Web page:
Big Bang has moved with the times and their dance practice video for Bang Bang Bang is still one of my favorites. One of the reasons being that they are not the perfectly synchronized idol group like those we usually see today. They each have their individual character which is especially striking if you watch TOP.
But that uniqueness and individuality in the oftentimes cookie cutter world of Kpop will always make them special to me.
Do you have a favorite dance practice video? Please let me know in the comments below.
Have a great day everyone.
Please do not copy or use without permission and accreditation. All photos and videos credits to original owners.
Although I usually focus on all things Korean from time to time I take a vacation both figuratively and literally. My last trip was to Alaska and this time I chose Canada. My daughter can only take limited time off so it was a short trip, basically three and a part day in town.
People travel from all over the world to Victoria, especially during the summer, so there were a lot of tourists in town. As well as the pleasant summer weather most people come for the flowers, food, and fun. We saw, and did, and ate, and drank as much as possible for such a short trip.
We flew into Seattle and then had a short flight to Victoria. The skies in Seattle were smokey from the forest fires and there were even some flight delays.
Fortunately the skies were a little clearer over Vancouver Island. We caught a bus to downtown Victoria (1 bus change ) which takes over an hour as the bus winds though the countryside. We got to our AirBnB right at check in time and within the hour we were out exploring. We chose a waterfront apartment near Chinatown so we were a little bit away from the main tourist area.
Since it was so close we headed into Chinatown to explore. It is the oldest Chinatown in Canada and the 2nd oldest in N America. It wasn’t very large but it had a few old alleys to explore and of course a gateway at the entrance, plus a variety of restaurants and shops.
Fan Tan Alley is the narrowest commercial street in North America.
After grabbing a bubble tea we headed out on a trek to find a street market but got sidetracked into a quest to buy art. We stopped in a small gallery which had quite a selection of works by local artists. Most were well out of Elizabeth’s price range but one or two of the smaller pieces caught her eye. The lady in charge suggested we try the main gallery which was housed in an old Victorian mansion. So we walked a few more blocks and found the gallery in a quiet neighborhood. Lots of great art for sale, but we left empty handed.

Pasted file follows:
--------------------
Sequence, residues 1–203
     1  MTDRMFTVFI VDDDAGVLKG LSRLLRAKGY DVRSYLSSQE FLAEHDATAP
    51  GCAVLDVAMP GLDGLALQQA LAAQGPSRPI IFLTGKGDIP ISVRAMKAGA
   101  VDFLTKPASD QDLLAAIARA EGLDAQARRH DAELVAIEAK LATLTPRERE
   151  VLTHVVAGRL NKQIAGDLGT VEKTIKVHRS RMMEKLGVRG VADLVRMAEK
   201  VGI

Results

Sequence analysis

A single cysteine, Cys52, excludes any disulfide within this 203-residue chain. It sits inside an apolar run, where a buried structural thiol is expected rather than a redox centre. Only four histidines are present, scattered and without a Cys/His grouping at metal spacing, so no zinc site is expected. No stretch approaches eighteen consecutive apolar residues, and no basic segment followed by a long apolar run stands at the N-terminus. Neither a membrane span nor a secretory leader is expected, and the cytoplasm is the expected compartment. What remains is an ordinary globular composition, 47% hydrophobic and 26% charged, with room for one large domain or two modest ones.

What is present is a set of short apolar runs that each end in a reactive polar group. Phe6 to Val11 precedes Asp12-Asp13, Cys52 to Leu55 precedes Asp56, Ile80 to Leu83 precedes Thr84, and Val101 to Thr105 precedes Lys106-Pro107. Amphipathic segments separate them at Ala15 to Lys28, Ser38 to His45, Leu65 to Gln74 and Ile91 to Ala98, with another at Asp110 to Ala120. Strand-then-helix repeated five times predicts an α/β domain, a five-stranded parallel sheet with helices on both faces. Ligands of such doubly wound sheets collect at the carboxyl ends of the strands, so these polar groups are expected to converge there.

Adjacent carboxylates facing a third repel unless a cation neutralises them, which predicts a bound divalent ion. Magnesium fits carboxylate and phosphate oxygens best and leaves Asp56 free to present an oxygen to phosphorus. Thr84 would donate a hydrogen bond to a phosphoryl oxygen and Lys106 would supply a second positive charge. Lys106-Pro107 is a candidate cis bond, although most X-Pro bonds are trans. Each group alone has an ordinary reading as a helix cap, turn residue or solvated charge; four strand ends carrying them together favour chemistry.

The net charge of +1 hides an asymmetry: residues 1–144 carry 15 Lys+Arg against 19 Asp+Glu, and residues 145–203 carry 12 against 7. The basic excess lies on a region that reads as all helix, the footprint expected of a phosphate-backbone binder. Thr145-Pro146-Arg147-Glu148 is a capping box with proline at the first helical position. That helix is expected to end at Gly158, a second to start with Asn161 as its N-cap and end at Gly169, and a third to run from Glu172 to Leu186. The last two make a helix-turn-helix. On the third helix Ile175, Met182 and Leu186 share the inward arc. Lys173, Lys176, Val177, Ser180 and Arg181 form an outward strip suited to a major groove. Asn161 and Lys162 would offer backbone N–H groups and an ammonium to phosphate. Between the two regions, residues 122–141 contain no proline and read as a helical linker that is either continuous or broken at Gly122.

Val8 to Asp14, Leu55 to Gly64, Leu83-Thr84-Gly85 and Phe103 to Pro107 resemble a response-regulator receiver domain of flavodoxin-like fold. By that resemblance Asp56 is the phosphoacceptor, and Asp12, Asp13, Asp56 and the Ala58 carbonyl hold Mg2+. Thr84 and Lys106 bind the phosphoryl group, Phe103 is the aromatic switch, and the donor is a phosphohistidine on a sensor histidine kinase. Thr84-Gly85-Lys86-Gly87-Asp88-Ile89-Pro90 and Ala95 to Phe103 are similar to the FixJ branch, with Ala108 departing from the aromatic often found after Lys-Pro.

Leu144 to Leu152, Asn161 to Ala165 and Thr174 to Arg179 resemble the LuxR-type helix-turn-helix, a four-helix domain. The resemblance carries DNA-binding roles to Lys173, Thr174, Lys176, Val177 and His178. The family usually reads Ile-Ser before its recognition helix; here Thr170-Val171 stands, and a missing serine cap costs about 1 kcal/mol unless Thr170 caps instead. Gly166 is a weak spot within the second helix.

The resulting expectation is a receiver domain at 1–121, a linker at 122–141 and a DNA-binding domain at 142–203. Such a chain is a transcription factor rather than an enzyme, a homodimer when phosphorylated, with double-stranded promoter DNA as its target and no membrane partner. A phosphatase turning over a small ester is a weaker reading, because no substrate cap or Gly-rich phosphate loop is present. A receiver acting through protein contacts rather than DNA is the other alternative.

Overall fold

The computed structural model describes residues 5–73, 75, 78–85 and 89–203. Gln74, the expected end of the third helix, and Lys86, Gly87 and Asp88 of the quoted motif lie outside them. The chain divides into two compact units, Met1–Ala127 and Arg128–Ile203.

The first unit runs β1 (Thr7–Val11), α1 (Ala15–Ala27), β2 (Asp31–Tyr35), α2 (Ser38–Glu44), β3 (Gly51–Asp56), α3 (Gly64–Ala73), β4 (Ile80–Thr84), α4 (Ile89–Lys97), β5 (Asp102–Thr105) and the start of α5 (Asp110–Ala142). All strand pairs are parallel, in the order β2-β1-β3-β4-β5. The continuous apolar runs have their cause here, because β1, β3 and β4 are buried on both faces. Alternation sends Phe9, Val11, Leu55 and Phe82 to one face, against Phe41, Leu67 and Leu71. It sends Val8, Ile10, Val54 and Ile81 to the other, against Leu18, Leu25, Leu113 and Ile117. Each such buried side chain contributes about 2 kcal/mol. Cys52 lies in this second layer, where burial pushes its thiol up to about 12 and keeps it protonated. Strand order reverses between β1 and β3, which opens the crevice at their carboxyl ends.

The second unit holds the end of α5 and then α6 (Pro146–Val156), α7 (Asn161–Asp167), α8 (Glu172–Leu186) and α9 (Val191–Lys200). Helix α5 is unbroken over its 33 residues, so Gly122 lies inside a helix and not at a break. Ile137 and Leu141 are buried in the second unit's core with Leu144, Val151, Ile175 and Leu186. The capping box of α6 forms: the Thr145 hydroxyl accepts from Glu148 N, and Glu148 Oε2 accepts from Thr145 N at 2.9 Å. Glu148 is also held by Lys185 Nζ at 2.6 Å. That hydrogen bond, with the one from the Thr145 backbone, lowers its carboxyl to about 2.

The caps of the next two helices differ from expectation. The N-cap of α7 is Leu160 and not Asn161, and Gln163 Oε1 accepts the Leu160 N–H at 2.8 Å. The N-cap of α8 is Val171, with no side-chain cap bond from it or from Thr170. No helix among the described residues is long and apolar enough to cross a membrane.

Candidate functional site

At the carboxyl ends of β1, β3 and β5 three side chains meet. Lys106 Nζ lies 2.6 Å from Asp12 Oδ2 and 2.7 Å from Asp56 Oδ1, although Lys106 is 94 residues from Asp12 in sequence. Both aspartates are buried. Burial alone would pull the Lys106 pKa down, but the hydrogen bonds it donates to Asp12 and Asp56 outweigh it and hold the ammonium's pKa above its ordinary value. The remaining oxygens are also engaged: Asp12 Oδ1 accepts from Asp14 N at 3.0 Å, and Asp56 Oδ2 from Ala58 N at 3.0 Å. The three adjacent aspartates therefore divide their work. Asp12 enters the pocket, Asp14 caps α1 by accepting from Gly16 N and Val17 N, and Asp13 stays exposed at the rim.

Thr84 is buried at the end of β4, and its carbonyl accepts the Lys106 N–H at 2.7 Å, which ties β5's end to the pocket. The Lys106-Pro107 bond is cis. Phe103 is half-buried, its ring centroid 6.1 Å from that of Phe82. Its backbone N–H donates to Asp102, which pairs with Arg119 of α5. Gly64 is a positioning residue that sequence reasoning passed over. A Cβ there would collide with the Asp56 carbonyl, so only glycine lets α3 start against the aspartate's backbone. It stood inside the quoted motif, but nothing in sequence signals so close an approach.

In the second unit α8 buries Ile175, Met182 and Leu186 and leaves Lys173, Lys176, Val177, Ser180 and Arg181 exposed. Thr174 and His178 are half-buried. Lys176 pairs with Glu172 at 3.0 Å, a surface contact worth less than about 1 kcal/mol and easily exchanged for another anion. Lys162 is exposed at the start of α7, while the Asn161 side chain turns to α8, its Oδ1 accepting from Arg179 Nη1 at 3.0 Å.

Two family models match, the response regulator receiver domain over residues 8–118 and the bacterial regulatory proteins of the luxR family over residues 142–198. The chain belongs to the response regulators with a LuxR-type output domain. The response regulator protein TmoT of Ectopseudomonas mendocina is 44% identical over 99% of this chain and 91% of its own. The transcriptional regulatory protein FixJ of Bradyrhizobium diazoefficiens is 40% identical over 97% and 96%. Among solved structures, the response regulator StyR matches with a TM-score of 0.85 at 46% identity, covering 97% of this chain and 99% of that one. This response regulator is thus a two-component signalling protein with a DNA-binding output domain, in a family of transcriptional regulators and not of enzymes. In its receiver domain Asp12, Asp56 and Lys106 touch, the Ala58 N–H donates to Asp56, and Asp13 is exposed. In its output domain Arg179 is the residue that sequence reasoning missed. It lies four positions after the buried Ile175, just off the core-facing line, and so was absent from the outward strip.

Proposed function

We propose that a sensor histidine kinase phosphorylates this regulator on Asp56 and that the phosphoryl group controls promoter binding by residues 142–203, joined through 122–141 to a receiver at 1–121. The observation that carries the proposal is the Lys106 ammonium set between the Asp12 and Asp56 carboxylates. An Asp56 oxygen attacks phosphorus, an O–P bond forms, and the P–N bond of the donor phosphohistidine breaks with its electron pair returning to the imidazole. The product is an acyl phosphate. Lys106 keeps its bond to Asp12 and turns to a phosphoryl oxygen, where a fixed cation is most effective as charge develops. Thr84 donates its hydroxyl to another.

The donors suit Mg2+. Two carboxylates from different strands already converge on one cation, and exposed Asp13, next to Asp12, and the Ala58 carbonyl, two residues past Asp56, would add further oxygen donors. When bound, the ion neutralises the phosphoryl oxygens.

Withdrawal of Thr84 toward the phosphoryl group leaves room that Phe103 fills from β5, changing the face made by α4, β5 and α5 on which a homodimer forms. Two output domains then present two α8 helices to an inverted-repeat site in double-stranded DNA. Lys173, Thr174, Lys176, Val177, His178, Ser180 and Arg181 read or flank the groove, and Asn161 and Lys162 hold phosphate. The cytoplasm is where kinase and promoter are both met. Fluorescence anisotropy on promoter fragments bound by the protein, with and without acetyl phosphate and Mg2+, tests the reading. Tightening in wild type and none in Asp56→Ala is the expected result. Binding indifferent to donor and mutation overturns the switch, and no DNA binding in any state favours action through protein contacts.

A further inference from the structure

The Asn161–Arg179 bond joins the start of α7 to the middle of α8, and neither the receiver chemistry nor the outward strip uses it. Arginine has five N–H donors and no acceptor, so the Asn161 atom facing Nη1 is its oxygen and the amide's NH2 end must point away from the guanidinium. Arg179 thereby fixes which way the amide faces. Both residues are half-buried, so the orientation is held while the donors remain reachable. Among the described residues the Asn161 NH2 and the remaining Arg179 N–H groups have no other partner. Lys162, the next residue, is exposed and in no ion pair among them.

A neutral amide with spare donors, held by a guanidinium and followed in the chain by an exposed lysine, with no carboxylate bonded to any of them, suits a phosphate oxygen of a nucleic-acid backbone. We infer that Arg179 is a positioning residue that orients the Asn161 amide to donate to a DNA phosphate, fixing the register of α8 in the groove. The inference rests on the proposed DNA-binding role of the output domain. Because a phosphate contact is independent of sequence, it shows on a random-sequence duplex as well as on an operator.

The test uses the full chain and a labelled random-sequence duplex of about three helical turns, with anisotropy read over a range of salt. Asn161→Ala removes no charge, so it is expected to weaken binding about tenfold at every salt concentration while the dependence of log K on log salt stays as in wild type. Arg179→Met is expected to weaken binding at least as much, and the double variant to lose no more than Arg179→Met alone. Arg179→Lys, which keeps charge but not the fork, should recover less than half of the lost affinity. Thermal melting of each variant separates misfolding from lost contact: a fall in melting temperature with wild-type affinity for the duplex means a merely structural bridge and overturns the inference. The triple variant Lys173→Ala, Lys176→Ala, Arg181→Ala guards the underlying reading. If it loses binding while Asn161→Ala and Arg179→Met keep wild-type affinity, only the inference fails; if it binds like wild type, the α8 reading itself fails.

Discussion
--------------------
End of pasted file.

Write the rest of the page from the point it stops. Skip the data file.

The gallery had a lovely Shinto Shrine in the secluded garden.
Although there were restaurants aplenty we walked back to the Chimac Korean Pub. about a block from where we were staying.
I can’t pass up Chicken and Beer if it is to be found and this was a fantastic find. It was like being back in Korea for a short while. Highly recommend it. Then it was back to our room and a much needed sleep.
Friday dawned with clear skies and after breakfast at Jam Cafe, a highly popular breakfast place we headed along Wharf street to the Inner Harbor.
After a stroll around the Inner Harbor area, we walked past the Parliament buildings, the Empress Hotel and onward to find the Bug Museum.
Although quite small it was packed with bugs, some of which we were allowed to handle. The docents were very informative and knowledgeable. Even without having kids with us it was a fun experience.
A quick stop at an art gallery focusing on the artwork of the First Nations was enjoyable, but then we had to head back to the Inner Harbor for our Whale Watching trip. Elizabeth is not a fan of boats so a quick drink at a harbor side cafe strengthened us for the voyage ahead.
We got great seats on the upper deck. Be warned that even though the temperature on land was pleasant once you head out into open water it can get really quite chilly. We had brought jackets but had to borrow hats. It takes a while to find the whales and there are rules on how close you can get to them. (They can come as close as they want to the boat.)
We were fortunate to see a group of four humpback whales but as they were passing through the area they were swimming and diving so we never really caught up to them. I had brought my binoculars so I got a decent view, but Elizabeth’s phone camera doesn’t do justice to what we saw.
After our time was up, each boat is only allowed to stay near the whales for a limited amount of time, we set off to see what else we could find. We saw sea lions, seals, and a single sea otter named Ollie.